A move narrowly failed Tuesday to immediately cancel the county’s contract for jail inmate phone services in light of an evolving scandal involving improperly recorded calls to the inmates’ attorneys.
Orange County Supervisors Shawn Nelson and Todd Spitzer wanted to immediately give notice to Global Tel Link, or GTL, that its contract will not be renewed next month, but the other three supervisors opposed the move.
Spitzer put the move on the agenda following a scathing letter from Orange County Counsel Leon Page to the company dated Oct. 3. Page demanded answers to several open questions about how many calls have been recorded from inmates to their attorneys, which could be argued is a Sixth Amendment violation that could lead to cases against some violent criminals being dismissed.
GTL officials replied that they would answer the questions at the next court hearing on the issue next Tuesday. Orange County Superior Court Judge Gregg Prickett has ordered all of the recorded calls to be turned over to a special master while attorneys plow through the evidence to see which cases may have been affected.
At issue is whether law enforcement accessed the calls to gain an advantage in their investigations. If so, it would be a constitutional violation.
In the letter from Page to GTL, he said at one recent hearing it was learned that 549 of calls made to attorney Joel Garson were recorded. Garson is representing Josh Waring, the son of a “Real Housewives of Orange County” cast member who is charged with attempted murder.
Waring is seeking to get the case against him dismissed due to outrageous governmental misconduct based on his allegations his calls to his attorneys were recorded as well as calls he has made while representing himself without an attorney.
Garson told City News Service that the number is now 600 calls recorded. Not all of them were fully recorded, he said. Of those calls, 11 of them were accessed by law enforcement, including one by an investigator in the sheriff’s special handling unit who was also involved in the jail informant scandal revolving around mass killer Scott Dekraai.
Garson said on Tuesday he received a list of who has listened to the calls and they were all sworn deputies, “which is not normal because they’re doing it for police work.”
Spitzer noted that attorneys in the Public Defender’s Office now estimate “that it’s closer to 2,000” calls that were improperly recorded.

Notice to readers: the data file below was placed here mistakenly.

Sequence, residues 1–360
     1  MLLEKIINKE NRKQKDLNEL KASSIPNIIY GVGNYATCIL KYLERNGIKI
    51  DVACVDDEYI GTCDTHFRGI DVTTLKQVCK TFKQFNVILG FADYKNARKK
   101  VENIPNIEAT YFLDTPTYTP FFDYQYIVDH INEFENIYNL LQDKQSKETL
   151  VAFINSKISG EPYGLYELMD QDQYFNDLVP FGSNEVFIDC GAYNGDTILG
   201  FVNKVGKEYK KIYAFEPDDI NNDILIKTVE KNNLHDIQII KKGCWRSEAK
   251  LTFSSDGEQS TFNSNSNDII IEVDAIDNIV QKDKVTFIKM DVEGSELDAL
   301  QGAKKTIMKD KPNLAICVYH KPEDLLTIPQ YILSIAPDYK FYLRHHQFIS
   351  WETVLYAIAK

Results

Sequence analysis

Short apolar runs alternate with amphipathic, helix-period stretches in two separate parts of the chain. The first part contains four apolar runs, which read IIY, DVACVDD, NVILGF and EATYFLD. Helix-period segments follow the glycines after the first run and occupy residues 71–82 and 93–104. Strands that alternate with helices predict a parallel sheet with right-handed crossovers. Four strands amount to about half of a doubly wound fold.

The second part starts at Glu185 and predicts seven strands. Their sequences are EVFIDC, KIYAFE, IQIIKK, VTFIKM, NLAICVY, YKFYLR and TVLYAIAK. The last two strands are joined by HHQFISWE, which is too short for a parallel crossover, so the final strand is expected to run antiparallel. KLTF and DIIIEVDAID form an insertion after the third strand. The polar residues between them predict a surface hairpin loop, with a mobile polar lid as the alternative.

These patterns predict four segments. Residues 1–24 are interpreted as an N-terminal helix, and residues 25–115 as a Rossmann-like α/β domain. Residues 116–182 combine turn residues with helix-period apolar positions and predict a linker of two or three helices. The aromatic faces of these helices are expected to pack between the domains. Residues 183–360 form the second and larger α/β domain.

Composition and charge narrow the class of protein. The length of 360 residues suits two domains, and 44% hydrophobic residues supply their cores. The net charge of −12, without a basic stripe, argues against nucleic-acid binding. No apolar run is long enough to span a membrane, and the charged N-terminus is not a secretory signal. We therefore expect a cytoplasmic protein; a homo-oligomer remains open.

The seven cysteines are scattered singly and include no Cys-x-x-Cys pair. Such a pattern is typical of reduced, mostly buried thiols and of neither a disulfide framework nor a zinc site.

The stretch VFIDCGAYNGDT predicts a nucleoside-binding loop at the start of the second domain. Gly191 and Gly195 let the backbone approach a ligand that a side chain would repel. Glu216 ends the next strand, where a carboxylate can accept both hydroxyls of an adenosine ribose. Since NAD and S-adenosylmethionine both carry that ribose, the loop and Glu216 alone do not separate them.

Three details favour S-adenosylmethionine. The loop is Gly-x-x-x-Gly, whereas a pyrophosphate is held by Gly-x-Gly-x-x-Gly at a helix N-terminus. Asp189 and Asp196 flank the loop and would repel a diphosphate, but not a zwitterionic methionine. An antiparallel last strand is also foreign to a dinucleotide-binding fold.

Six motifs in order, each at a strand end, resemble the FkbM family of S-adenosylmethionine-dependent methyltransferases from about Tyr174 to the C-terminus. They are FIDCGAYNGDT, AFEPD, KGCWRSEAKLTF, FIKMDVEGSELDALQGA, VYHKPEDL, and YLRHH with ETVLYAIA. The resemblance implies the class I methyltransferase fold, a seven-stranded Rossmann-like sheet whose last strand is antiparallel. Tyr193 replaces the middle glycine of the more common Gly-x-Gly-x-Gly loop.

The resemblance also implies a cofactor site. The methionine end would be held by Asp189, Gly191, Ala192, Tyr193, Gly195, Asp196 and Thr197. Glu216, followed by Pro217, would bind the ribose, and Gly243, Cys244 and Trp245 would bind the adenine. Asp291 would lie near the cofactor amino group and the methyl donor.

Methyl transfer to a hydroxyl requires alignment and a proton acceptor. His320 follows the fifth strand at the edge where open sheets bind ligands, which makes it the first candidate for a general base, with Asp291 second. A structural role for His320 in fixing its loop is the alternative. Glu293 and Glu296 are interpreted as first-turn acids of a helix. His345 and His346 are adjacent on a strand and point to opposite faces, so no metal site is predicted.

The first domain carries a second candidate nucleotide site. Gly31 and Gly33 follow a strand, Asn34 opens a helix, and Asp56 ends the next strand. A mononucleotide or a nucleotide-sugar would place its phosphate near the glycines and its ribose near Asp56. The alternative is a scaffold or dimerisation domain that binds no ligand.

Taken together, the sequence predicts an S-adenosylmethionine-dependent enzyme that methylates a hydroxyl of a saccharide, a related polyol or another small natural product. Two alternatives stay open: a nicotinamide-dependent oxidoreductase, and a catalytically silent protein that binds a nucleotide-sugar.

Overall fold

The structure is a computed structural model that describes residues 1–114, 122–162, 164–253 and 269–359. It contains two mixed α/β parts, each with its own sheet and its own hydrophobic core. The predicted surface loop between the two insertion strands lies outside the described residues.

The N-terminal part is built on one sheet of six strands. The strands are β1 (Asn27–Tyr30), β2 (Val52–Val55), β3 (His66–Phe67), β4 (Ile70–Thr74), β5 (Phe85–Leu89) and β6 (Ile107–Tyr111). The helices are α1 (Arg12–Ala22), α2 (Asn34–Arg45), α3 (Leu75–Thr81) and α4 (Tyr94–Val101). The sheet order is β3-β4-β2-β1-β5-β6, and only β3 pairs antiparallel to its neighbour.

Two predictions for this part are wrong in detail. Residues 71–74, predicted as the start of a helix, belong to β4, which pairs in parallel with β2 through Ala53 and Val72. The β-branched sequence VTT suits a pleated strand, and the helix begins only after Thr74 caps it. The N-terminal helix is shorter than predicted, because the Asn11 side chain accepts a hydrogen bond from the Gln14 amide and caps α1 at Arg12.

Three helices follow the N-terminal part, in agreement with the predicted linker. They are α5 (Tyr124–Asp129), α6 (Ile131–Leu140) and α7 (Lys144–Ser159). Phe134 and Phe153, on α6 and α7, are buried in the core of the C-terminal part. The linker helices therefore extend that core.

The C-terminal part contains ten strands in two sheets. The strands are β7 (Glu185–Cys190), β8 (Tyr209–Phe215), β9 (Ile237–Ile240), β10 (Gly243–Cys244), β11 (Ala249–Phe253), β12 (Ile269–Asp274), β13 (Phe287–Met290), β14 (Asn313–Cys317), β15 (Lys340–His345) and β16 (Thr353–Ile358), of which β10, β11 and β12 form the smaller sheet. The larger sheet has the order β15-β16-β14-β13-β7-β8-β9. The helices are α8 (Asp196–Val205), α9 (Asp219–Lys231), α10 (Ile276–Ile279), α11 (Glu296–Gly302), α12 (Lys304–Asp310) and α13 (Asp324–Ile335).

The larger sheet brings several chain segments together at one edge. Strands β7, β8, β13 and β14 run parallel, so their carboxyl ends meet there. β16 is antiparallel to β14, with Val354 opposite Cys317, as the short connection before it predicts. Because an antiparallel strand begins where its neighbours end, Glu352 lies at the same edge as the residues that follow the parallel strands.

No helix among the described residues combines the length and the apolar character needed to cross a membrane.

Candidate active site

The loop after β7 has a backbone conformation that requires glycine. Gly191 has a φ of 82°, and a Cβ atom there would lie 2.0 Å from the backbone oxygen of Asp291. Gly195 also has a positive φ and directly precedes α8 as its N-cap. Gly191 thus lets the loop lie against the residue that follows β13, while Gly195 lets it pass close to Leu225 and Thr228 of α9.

GTL officials have said that due to a technical upgraded in January 2015, many numbers that were on a do-not-record list were dropped, so the calls were being recorded for years.
Spitzer argued that a vendor should be brought in immediately without bidding to provide the services until officials can go through a bidding process.
“So today I’m asking the board to fire GTL,” Spitzer said. “I don’t want to continue this another 30 to 60 days or do another study. We have all the evidence of incompetence. It won’t be hard to find a replacement.”
Nelson objected to GTL saying they would respond to the county’s letter on Oct. 23, the same date they would report back to Prickett in court.
“That’s a criminal case that will have its own adjudication, ” Nelson said. “We still have a business relationship.”
Nelson said he did not want to wait any longer for answers from GTL and wished to find another vendor.
“These people are a liability,” Nelson said. “It’s embarrassing to deal with incompetent people, but the only thing more embarrassing is to keep dealing with incompetent people. These people need to be out.”
Supervisor Lisa Bartlett said she was “just as frustrated as my colleagues,” but she warned that the jail phone service industry is “peculiar” and added, “we don’t have a plethora of vendors out there.”
Bartlett said one vendor had a major “hack into their system” and thousands of calls were downloaded.
“I think it would be reckless to just go out with a sole-source contract” without bidding, Bartlett argued. “None of these vendors are perfect. They’ve all had issues.”
Sheriff Sandra Hutchens pleaded with the board to wait until its Nov. 6 meeting when she will provide a variety of options.
Spitzer and Nelson said time was running out to find a new vendor, and Spitzer argued they needed to give legal notice, but Page noted that the notice would only be needed if they didn’t have cause to cancel it and in this case they do have good cause to terminate the contract.
The county could just let its contract with GTL expire on Nov. 24 as it is set to do now, Page said.
However, sheriff’s officials warn it would take several months to get a new vendor in to provide services, and Hutchens said she is required by law to provide phone services for inmates. The phones in the jails are owned by GTL, so a new vendor would have to install all new phones.
Hutchens also wishes to transition to a new system with tablets instead of phones, and that also complicates the issue of finding a new vendor.
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